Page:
Now before this blog gets any further, I just want everyone to be aware that I didn’t write this to offend anyone. It’s just a random rant from some guy who just went to Macau recently, so do treat it as such. Nothing more, nothing less.
Before my trip to Macau, I watched a few TV shows promoting the city as Las Vegas on steroids: Vibrant, lively, exotic and growing. The economy is rejuvenated with a massive inflow of tourists from the Mainland. Business was never better.
What the show neglect to reveal is the price the city pays to get there: the lifestyle and the pollution. Before the revitalization, Macau was just a simple town with an even simpler life. People go to school from one side of the city to the other on foot, while enjoying street food along the way. However, some time between now and then, the economy of Macau has ground to a halt. So needless to say, the inflow of Mainland tourists was like a breath of fresh air.
One thing any readers should understand about China is that while the economy is growing exponentially, the standard of ethics and manners can still use quite a bit of improvement.
The end result: a bloody serious issue.
Imagine: The minute you step out of the airport, all you can smell is second-hand smoke and car exhaust. The sound of traffic is all you can hear as fleets and fleets of car flying through the roads, leaving behind a stream of exhaust as a welcoming gift. A friend of yours stopped to pick you up. A quick wave is all you can give cause you got not time for anything more: You have to load up the baggage before the car behind you gets irritated and starts honking. (What a douche)
Your friend dropped you off to a hotel to check-in. The minute you open the door, you are greeted with more second-hand smoke. You can also smell heavy musk of perfume in the lobby, as if the owners are desperate to mask the smell of smoke. You checked in and you got on the elevator. You see the “No smoking” sign right above the elevator buttons. But when you look down, there is a couple of cigarette butts in the corner. The irony…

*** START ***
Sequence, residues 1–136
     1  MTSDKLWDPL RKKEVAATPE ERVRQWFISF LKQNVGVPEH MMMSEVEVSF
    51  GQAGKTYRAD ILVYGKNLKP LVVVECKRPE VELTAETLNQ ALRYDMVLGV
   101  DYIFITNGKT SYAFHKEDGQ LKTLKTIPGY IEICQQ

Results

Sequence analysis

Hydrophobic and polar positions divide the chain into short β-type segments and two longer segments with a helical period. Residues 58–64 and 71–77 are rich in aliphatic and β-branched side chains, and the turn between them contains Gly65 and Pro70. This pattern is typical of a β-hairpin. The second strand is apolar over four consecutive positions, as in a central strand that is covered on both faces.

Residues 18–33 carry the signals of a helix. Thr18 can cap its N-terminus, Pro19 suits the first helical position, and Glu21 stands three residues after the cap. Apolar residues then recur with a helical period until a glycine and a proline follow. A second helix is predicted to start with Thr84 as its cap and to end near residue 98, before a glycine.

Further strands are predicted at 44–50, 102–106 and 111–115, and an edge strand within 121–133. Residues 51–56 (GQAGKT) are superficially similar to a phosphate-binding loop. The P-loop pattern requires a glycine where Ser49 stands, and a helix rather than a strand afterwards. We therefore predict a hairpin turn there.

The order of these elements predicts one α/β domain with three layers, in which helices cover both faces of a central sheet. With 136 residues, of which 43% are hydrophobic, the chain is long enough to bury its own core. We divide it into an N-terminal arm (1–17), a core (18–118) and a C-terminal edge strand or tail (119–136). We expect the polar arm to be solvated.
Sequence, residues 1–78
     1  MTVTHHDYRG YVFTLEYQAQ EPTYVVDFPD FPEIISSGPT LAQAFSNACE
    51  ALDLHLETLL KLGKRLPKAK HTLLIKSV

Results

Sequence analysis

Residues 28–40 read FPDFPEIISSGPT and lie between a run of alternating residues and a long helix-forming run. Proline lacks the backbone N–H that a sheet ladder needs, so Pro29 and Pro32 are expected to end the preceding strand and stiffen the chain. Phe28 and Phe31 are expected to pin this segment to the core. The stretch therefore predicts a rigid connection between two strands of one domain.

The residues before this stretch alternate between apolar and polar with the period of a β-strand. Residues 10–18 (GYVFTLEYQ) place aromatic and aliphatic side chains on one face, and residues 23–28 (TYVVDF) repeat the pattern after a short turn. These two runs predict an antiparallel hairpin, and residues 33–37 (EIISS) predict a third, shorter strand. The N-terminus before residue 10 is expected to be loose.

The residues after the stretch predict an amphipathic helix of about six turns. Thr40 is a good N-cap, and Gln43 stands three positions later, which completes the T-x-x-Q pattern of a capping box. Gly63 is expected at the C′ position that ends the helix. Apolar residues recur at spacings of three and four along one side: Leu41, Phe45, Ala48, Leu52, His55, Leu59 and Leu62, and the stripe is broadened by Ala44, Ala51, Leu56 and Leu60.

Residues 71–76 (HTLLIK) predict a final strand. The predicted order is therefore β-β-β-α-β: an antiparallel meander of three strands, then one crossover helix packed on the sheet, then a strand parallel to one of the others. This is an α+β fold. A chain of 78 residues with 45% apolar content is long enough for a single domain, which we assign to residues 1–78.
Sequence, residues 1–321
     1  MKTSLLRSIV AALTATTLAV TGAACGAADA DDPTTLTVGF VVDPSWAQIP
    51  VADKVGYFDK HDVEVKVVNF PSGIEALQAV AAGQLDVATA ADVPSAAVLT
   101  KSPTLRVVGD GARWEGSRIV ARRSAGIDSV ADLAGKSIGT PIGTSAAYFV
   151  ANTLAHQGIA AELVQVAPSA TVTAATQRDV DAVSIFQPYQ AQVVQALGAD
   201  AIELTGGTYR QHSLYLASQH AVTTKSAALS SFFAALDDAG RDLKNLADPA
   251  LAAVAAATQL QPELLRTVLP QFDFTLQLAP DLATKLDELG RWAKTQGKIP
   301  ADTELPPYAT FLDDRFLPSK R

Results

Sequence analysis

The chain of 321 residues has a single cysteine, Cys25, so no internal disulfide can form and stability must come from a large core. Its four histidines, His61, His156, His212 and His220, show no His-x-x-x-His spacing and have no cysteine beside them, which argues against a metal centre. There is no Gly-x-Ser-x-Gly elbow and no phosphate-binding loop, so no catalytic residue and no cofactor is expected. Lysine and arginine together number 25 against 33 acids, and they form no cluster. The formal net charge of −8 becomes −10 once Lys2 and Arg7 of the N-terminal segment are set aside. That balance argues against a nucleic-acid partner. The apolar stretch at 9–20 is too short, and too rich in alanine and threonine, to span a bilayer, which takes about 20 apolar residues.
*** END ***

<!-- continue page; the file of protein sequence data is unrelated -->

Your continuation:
After dropping off the luggage, you decided to take a quick stroll along the streets. (Though under this air quality, you’re not sure if the stroll is good for you or it’s going to kill you) As usual, you’re surrounded by smoke and car exhausts. The situation is made even worse when the air is clammy, humid and suffocating. You see cars cutting lanes like they are escaping an apocalypse. Motorbikes are even more reckless, zooming around like something coming out of an action movie. As you made your way through the busy streets, your shoulder gets repeatedly bumped by passers-by. You feel a shove from behind, then one from the sides. All the while, people’s conversations are getting so loud that it takes no effort to eavesdrop anyone. You can see the new Macau district within a block, but whole place is covered in a permanent haze. So much for a scenic view…
I could go on forever with the description, but I think the picture is quite clear: something needs to be done about this. I’ve heard that right now, Macau has a little below 200,000 vehicles on the roads. However, unlike most American cities, there really is no urban sprawl. Most shops can be found within a 15-30 minute walk. Meanwhile, one of the taxicab franchises just recently got close down due to lack of profits. Meanwhile, urban heat islands create unbearable temperatures during the summers that is enough to cause heat strokes.
The point is that while the financial aspect is important, one must not neglect the social and environmental part of the equation. Growth is essential, but it’s more important to grow responsibly. Air care is definitely essential there and inspection should be more frequent.
Unfortunately, these changes will not occur overnight. The locals will still have to struggle with the results of the revitalization, all the while reminiscing on how peaceful Macau used to be. This, my readers, is also why I miss Vancouver.